From: Durant Schoon (firstname.lastname@example.org)
Date: Sat Mar 17 2001 - 20:18:22 MST
This post is inspired from Samantha's and Eliezer's comments in the
"Beyond Evolution" thread applied to the "How To Live In A Simulation"
I haven't finished reading the interim version of FAI, so if I'm
addressing something already covered there, please just let me know.
"Sentients As Temporary Variables"
"Memory Leaks in the Caverns of Computronium"
Is the possible future of Friendliness incompatible with the possible
future in which we are all resimulated?
The two scenarios of Friendliness and Resimulation might be
incompatible due to restrictions imposed by the Sysop. (The examples
in this posting assume one can "create an instance of a sentient" some
day in the future.) Up until recently, I had thought that these two
scenarios would both eventually take place, but now I'm wondering if
they are actually mutually exclusive.
Part I: Actions forbidden by the Sysop
Say I create two sentients: ABoy and HisDog, who are very good friends
and are emotionally attatched in a positive relationship. Suppose I
create them with simulational complexity equivalent to a modern ten
year old human boy and a 3 year old dog.
This is my simulated world, however, the following are not allowed
because these simulation are sufficiently complex and these sentients
have rights of their own:
1) I cannot destroy either ABoy or HisDog (nor torture them, maim
2) I cannot lie to them and completely manipulate their realities to
make them believe that the other has died horribly or even that the
one hates the other and wants to be left alone for the rest of
eternity (which would cause a high degree of mental anguish for
either of them, though no one had actually been harmed). Presumably
they have the right to ask and learn the truth from the Sysop.
3) I cannot separate them and prevent them from meeting up again of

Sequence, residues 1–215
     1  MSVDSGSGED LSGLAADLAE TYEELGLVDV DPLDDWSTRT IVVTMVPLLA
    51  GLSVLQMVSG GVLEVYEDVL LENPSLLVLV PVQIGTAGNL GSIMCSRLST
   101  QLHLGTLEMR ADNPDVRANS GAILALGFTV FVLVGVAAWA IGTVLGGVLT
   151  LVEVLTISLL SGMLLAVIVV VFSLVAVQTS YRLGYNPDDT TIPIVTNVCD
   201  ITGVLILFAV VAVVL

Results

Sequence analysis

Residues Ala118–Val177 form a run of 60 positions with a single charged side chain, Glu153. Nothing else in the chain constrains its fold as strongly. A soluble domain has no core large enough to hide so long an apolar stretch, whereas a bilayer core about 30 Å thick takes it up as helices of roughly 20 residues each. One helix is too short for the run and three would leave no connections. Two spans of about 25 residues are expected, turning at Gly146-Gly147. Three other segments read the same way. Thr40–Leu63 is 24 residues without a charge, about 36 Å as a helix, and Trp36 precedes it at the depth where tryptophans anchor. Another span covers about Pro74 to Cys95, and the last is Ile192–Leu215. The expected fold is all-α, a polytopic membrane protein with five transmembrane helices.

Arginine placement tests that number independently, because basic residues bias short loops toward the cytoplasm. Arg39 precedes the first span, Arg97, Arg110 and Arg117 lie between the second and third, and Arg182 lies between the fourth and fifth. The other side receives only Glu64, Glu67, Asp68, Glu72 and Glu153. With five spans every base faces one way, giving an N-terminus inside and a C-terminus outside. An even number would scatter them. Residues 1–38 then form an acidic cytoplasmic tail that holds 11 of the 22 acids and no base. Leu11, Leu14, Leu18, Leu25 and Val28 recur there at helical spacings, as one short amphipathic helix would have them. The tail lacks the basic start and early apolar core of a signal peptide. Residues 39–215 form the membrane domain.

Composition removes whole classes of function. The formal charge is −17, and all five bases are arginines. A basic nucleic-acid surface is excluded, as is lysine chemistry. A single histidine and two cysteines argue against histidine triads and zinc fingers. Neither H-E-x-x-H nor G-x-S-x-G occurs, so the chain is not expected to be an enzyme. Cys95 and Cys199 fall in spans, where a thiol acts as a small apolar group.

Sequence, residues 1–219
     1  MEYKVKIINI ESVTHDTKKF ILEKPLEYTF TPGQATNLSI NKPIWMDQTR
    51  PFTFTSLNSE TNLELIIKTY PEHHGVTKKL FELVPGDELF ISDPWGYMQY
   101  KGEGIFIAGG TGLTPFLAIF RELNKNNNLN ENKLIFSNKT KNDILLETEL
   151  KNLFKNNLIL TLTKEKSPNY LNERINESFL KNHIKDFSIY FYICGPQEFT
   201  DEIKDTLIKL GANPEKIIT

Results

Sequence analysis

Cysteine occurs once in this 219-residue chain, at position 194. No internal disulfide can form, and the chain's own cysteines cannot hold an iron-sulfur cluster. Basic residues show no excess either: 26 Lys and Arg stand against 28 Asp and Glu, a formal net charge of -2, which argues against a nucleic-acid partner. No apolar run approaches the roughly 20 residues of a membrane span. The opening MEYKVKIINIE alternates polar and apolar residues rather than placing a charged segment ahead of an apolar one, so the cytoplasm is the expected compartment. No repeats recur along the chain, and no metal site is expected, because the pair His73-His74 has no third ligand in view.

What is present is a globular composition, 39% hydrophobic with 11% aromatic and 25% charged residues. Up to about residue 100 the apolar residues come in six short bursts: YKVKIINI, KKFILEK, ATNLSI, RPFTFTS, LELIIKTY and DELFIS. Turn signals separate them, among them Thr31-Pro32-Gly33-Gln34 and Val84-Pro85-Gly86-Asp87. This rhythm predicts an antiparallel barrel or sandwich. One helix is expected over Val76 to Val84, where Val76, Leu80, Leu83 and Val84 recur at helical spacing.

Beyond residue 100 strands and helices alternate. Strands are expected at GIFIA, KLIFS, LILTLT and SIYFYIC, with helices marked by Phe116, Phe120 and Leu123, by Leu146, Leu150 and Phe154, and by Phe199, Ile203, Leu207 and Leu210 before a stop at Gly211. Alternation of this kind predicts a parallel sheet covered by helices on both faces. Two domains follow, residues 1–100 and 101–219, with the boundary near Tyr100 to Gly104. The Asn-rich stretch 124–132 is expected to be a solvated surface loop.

their own free will, so that they suffer in the absence of the
other (to fulfill my own sadistic desires).
4) I am required to inform them that they were created in a simulation
and that they have rights enforced by the Sysop (virtual Miranda?)
Memory Leaks: If every time I create a sentience, I cannot later
destroy vim since ve has rights, won't huge memory leaks result? I
assume there will be a bill of sentient rights, so that each sentient
created is given a minimum of computational resources to be happy
(ie. you cannot overcrowd them by placing them in a tiny environment
with no room (resources) to pursue happiness). All simulators will
have the following label: "We Serve only Free Range Sentients".
(Well, maybe this would be ok, if sentients agreed to assist in
whichever endeavors sentients are needed. For example, if we created
non-killable humans in the 1400's to build merchant ships for Europe,
eventually they could be trained to use Emacs in 500 years (well most
of emacs, 500 years might not be enough time :-))
In fact, I wonder: Would the Sysop allow me to give ABoy great wealth
(resources) and then take it all away (except for the minimum
requirements) for the sole effect of making ABoy miserable?
This means that I cannot create any simulation which qualifies as
sentient without certain consequences and responsibilities. Of course,
maybe I could create a sentient being with preloaded memories that
would, in all likelihood, lead vim to commit suicide in two days
(after filling out my very important marketting questionaire, of
course). Or can I actually do that? Maybe not...